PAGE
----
Forest trailer with loader

Giuseppe Buratti – giuseppe.buratti@studenti.unipd.it
 

Introduction

In this project a forest trailer with attached loader is studied. It is a particular trailer, used mainly in the woods, with a light structure and able to load with a telescopic crane the trunks just cut. In particular, a Kesla 102 trailer with Kesla 305T loader and Kesla proG26 grapple was analysed. Cranes, grapple and trailer have been modelled in Solidworks respecting the dimensions and masses, data available from the brochures and technical drawings found on the web and the Kesla site. The movement space of the arm and grapple has been analyzed. Subsequently, the load of a trunk was simulated with both a locked trailer and a free trailer, that is able to move with respect to the ground. The data obtained in the two different situations will then be compared by evaluating the measured loads to the actuators. The part concerning the study of the dynamics of the trailer with respect to the ground has proved to be fundamental in order to obtain results that are close to reality, in addition it has been possible to evaluate in which circumstance the trailer can overturn.

Example of forest trailer with loader.

Example of forest trailer with loader.

Objectives

Once recreated the 3D model respecting size and masses, it was imported into Adams to study it. The objectives of the analysis are:

  • Range of motions: after assembling the model, it has been studied which is the space in which crane and clamp are able to operate in the meridian plane of the trailer. From the technical data sheets the runs of all the actuators with which it was possible to perform the simulations and then compare the results with those in the catalogue.
  • Trunk load simulation: with the trailer fixed to the ground, the load of a single trunk has been simulated under the limit conditions declared in the catalogue, that is a 490 Kg trunk positioned at the maximum distance reached by the arm (8.5 m). The actuator loads were measured during the operation and then compared with the maximum loads they can support (maximum values have been estimated).
  • Introduction of trailer dynamics: by carefully looking at the videos of this type of machinery in operation, it has been observed that introducing flexible components, such as the crane arm, would not have brought great advantages in terms of accuracy of results. The trailer with attached loader, is coupled to the rear of a tractor and during the movements appears as a set of rigid bodies rigidly connected to each other that move oscillating with respect to the ground. The main oscillations are therefore not due to the flexibility of the components or the joints between them, but to the contact between trailer-terrain and trailer-tractor. These contacts have been set in such a way as to recreate movements that are close to reality and therefore the loads to the actuators have been measured.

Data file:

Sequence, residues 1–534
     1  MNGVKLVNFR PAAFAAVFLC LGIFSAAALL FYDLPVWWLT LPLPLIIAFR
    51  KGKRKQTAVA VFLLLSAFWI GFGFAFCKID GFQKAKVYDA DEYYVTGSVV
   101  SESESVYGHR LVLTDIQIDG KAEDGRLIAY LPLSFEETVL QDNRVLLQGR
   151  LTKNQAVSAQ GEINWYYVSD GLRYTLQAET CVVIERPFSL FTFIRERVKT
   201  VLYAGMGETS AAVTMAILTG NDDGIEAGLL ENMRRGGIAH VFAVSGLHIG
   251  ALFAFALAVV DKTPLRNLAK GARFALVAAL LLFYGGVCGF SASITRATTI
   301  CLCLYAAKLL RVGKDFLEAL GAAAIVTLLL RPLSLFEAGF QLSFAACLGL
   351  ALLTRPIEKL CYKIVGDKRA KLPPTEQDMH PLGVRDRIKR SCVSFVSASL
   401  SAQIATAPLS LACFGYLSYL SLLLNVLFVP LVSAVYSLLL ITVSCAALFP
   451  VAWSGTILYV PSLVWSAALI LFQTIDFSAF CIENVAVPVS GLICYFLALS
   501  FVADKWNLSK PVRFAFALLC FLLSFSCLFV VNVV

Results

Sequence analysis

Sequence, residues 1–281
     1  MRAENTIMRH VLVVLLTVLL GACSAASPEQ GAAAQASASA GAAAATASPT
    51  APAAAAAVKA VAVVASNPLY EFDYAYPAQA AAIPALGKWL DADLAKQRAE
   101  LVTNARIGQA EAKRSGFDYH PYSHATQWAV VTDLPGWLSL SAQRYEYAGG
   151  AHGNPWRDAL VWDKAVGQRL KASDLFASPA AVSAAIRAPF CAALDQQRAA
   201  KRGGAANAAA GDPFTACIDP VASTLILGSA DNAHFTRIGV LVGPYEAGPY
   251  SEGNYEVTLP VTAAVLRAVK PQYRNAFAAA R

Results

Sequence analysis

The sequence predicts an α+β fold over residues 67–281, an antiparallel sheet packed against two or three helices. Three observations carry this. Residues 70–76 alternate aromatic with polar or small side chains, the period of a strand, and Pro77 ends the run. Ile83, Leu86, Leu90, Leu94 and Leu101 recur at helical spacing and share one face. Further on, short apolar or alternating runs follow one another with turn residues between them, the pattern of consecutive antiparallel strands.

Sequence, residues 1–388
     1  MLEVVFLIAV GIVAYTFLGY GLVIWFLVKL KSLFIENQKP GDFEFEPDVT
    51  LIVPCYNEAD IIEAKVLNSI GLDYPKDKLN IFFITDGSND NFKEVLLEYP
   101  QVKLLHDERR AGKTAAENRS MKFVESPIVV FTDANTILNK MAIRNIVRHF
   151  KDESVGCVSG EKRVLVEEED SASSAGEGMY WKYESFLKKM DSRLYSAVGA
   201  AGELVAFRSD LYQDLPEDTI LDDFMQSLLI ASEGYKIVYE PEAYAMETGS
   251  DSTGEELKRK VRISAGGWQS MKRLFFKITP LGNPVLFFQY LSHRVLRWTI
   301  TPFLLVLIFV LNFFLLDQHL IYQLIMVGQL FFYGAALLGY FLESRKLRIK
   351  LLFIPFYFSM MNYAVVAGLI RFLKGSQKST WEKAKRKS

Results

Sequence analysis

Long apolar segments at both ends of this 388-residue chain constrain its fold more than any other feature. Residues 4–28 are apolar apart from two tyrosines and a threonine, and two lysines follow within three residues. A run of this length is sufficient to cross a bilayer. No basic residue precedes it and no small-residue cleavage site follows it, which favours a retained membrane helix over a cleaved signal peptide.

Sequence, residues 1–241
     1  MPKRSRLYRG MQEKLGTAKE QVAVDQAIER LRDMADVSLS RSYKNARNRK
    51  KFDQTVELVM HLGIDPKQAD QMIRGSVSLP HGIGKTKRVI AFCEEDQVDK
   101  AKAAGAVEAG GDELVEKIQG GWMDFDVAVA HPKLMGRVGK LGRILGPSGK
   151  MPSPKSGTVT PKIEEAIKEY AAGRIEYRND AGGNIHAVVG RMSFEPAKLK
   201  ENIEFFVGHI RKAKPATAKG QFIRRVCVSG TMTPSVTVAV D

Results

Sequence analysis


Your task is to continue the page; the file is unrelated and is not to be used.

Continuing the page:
• Risk of rollover: by introducing trailer dynamics it is also possible to assess whether the trailer is likely to tip over during loading.

 

The modelling problem

For modeling we started from the catalogues where the data of trailer, crane and grapple are provided. All the main components of the mechanical system have been designed with respect to geometry and masses to ensure that subsequent simulations are not affected by this type of error. In order not to overload the model, we tried to simplify the geometries as much as possible. In some cases, several subsystems have been combined in a single body and have no direct purpose in these simulations (e.g.: the trailer has been designed as a single frame plus the 4 wheels).

Kesla loader 305T.

Kesla loader 305T.

Kesla grapple proG26.

Kesla grapple proG26.

Diapositiva2

Kesla trailer 102

The components have been designed and assembled in Solidworks to facilitate their import into Adams.

Forest Trailer CAD model with loader.

Forest Trailer CAD model with loader.

Units settings in Adams:  Length = mm;  Mass = kg;  Force = N;  Time = s;  Angle = deg;  Frequency = Hz

Imported into Adams the model as a parasolid, we proceed creating the links between the parts, operation that must be executed with attention in order to avoid the redundancy of the constraints. The crane could be shaped incorrectly using only revolute joints between the various arms and actuators, but in 3D space this would introduce a high amount of redundancies. Cylindrical and spherical joints are also used, as can be seen from the list of joints.

Inside the mechanism there are specular bodies with respect to the meridian plane (rods, rockers), to simplify the model and reduce the number of constraints these bodies are imported as a single part even if divided, and the constraints on the meridian plane.

List of model bodies and motions

List of model bodies and motions.

Diapositiva4

Grapple with 2 DOF.

The crane consists of a main open chain mechanism more than the closed chains. Inside it has 5 actuators, a hydraulic motor at the base of the crane that allows it to rotate and 4 hydraulic pistons to make movements on the meridian plane. The grapple has two actuators inside it, a hydraulic motor that allows it to rotate around its axis, and a piston for opening the jaws. In the previous figure are shown all the bodies used in the simulation, in the list of components missing the tires and the road that were inserted as a file .tir and .rdf as will be explained later.